Discriminatory Acquittal

By Tetlow, Tania | The William and Mary Bill of Rights Journal, October 2009 | Go to article overview

Discriminatory Acquittal


Tetlow, Tania, The William and Mary Bill of Rights Journal


This article is the first to analyze a pervasive and unexplored constitutional problem: the rights of crime victims against unconstitutional discrimination by juries. From the Emmett Till trial to that of Rodney King, there is a long history of juries acquitting white defendants charged with violence against black victims. Modern empirical evidence continues to show a devaluation of black victims; dramatic disparities exist in death sentence and rape conviction rates according to the race of the victim. Moreover, just as juries have permitted violence against those who allegedly violated the racial order, juries use acquittals to punish female victims of rape and domestic violence for failing to meet gender norms. Statistical studies show that the "appropriateness" of a female victim's behavior is one of the most accurate predictors of conviction for gender-based violence.

Discriminatory acquittals violate the Constitution. Jurors may not constitutionally discriminate against victims of crimes any more than they may discriminate against defendants. Jurors are bound by the Equal Protection Clause because their verdicts constitute state action, a point that has received surprisingly little scholarly analysis. Finally, defendants have no countervailing right to jury nullification based on race or gender discrimination against victims. The Sixth Amendment promises defendants an "impartial" jury, not a partial one.

Double jeopardy prohibits a direct remedy for the problem of discriminatory acquittal, and jury secrecy makes proof difficult. Yet recognizing the unconstitutionality of discriminatory acquittal would result in fundamental normative shifts. It would create a new constitutional language for prosecutors and judges to protect victims against jury discrimination within our existing criminal procedure. Most of all, the pervasiveness of discriminatory acquittals could no longer serve as a legitimating excuse for police and prosecutors to magnify the problem by conducting thenown anticipatory underenforcement of the law.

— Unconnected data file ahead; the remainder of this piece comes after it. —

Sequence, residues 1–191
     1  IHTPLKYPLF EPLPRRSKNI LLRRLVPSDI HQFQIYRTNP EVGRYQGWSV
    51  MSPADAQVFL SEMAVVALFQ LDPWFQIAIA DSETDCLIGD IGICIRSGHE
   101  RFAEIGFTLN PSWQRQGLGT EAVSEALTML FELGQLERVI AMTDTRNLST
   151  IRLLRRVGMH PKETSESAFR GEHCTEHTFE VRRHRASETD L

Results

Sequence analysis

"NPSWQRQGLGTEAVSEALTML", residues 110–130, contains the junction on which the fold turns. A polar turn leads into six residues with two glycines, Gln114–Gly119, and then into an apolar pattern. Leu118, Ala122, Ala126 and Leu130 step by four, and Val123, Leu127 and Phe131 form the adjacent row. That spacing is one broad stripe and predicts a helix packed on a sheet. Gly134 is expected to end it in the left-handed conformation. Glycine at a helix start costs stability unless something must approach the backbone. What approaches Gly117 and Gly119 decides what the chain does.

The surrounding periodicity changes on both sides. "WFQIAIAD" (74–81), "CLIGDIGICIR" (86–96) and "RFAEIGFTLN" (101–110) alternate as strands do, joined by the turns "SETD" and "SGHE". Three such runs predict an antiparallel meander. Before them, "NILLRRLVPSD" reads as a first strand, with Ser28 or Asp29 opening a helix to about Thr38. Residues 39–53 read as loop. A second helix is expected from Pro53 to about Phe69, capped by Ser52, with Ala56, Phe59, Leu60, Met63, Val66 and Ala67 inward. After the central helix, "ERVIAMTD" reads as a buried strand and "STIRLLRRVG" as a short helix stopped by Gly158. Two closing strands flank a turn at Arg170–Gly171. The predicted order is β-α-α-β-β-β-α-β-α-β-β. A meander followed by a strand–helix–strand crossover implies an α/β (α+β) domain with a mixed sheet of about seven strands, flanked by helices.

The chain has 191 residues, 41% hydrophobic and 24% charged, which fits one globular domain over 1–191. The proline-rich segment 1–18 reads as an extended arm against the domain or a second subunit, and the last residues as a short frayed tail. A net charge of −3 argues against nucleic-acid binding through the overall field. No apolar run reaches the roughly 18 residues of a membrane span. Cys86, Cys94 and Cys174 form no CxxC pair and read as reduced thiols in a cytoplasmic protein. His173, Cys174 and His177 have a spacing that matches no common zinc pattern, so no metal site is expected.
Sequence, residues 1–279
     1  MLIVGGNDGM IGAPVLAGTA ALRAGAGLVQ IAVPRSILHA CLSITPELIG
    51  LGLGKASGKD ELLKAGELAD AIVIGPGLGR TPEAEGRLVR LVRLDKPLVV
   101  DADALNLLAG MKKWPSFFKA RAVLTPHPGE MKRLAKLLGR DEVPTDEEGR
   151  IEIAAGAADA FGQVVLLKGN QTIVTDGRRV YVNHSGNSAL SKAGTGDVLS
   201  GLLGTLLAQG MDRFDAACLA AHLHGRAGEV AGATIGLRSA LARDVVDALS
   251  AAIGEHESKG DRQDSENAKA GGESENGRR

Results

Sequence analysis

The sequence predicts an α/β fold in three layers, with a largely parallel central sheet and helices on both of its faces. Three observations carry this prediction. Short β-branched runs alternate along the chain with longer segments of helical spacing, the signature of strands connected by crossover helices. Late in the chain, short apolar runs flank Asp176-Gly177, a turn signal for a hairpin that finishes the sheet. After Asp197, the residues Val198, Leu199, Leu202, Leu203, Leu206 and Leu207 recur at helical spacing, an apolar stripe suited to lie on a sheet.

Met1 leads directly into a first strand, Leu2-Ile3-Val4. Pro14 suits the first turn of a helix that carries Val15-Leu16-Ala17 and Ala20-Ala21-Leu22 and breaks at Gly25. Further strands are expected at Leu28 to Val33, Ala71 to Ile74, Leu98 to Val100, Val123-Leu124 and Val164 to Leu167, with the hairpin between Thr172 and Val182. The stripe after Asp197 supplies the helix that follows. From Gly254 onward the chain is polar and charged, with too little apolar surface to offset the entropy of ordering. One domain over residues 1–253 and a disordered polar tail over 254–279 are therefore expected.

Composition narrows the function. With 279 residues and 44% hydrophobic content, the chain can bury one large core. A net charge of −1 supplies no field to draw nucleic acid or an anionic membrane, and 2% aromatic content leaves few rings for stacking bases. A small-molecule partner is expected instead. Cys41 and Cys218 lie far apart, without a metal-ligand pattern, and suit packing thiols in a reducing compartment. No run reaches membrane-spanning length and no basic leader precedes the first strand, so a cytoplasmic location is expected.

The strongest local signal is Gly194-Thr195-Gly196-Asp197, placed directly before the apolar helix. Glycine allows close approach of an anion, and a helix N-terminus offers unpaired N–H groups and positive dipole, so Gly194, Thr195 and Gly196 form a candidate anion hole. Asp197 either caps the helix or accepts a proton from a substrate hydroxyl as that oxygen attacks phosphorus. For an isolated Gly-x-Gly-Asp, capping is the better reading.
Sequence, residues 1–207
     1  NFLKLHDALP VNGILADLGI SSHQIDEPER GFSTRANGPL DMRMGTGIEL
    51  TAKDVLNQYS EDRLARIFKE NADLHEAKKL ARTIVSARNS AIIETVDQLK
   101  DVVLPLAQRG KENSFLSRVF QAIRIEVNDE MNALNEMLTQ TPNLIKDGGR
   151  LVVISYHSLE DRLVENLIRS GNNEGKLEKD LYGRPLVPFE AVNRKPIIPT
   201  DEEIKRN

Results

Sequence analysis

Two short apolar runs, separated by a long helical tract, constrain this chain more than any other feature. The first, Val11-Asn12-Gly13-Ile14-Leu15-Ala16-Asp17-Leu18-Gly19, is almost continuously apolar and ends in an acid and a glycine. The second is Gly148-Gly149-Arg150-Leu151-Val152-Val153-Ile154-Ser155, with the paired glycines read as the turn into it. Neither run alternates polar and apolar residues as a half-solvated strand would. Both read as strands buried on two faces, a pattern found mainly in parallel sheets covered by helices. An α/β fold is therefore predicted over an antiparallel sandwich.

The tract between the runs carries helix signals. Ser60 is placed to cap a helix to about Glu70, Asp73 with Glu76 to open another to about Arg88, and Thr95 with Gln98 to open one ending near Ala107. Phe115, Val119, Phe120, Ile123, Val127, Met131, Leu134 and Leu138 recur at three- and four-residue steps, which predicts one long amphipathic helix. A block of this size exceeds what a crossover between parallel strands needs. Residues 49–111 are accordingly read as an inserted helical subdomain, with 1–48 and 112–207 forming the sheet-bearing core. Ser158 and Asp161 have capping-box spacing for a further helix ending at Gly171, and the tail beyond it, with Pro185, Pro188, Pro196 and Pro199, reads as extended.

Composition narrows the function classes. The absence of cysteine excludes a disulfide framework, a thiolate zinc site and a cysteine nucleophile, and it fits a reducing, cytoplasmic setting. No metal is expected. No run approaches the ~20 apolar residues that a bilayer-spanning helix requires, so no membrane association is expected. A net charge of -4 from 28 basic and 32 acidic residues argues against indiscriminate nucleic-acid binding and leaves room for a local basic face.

INTRODUCTION .................................................. 76

I. THE PROBLEM OF DISCRIMINATORY ACQUITTAL ..................... 81

A. Using Acquittals to Endorse Racial Violence After Slavery ......... 82

B. Modern Racially Discriminatory Acquittals, a Racial Lack of Empathy ................................................ 84

C. Condoning Sexual Violence Against Black Women ............... 88

D. Using Acquittals in Rape and Domestic Violence Cases to Enforce the Gender Power Structure .................................... 90

E. The Impact of Discriminatory Acquittals ....................... 94

II. DISCRIMINATORY CONVICTIONS ................................. 95

A. Jury Discrimination Is Unconstitutional ........................ 96

B. Difficulties of Proof ........................................ 97

C. Using Statistics to Prove the Likelihood of Jury Discrimination .... 100

D. Procedures to Diminish the Risk of Jury Discrimination Against Defendants ............................................. 102

III. DISCRIMINATORY ACQUITTALS VIOLATE THE CONSTITUTION .......... 103

A. Jury Verdicts Constitute State Action ......................... 105

B. Discriminatory Acquittals Violate the Equal Protection Clause ..... 107

C. Equal Protection Analysis Does Not Require Fundamental Rights .. 109

D. Jury Nullification Cannot Be Based on Unconstitutional Discrimination ........................................... Ill

E. Impossibility of Direct Remedy .............................. 116

TV. THE IMPORTANCE OF RECOGNIZING DISCRIMINATORY ACQUITTAL AND INSTRUMENTAL APPROACHES .................................. 117

A. Using Discriminatory Acquittal as an Excuse for Discriminatory Underenforcement ........................................ 118

B. Remembering the Victim in Equal Protection Regulation of Criminal Trials . …

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